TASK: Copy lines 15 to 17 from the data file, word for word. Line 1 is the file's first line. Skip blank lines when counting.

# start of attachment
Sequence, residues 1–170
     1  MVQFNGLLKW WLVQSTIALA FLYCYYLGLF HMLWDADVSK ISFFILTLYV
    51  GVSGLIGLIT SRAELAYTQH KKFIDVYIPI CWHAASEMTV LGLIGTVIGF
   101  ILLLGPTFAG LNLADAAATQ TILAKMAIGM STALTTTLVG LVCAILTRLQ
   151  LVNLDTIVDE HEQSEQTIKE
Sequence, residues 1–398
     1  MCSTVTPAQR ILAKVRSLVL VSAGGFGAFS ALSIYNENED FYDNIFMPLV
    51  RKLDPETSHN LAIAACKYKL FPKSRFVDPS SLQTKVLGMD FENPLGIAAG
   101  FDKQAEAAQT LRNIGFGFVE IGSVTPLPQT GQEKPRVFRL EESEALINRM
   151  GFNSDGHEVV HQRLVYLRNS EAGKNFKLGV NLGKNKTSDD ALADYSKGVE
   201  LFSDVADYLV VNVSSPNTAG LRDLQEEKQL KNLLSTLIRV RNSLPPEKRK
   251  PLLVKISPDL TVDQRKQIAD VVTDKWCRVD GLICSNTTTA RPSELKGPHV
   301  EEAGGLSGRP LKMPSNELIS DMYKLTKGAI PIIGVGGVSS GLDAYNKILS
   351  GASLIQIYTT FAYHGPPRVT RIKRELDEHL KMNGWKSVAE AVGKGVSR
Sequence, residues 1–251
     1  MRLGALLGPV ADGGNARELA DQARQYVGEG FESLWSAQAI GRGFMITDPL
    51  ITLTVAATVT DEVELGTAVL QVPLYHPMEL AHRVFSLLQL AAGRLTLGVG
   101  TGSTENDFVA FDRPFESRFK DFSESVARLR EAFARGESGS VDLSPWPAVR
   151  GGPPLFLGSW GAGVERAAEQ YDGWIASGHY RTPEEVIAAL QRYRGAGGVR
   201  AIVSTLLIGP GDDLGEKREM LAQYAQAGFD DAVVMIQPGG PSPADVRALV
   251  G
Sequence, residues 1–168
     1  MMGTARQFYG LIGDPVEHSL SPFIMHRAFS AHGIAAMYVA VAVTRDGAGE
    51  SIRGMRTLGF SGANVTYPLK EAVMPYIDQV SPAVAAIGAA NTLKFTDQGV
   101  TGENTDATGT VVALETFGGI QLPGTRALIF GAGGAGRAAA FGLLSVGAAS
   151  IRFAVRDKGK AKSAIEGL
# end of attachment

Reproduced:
Sequence, residues 1–251
     1  MRLGALLGPV ADGGNARELA DQARQYVGEG FESLWSAQAI GRGFMITDPL
    51  ITLTVAATVT DEVELGTAVL QVPLYHPMEL AHRVFSLLQL AAGRLTLGVG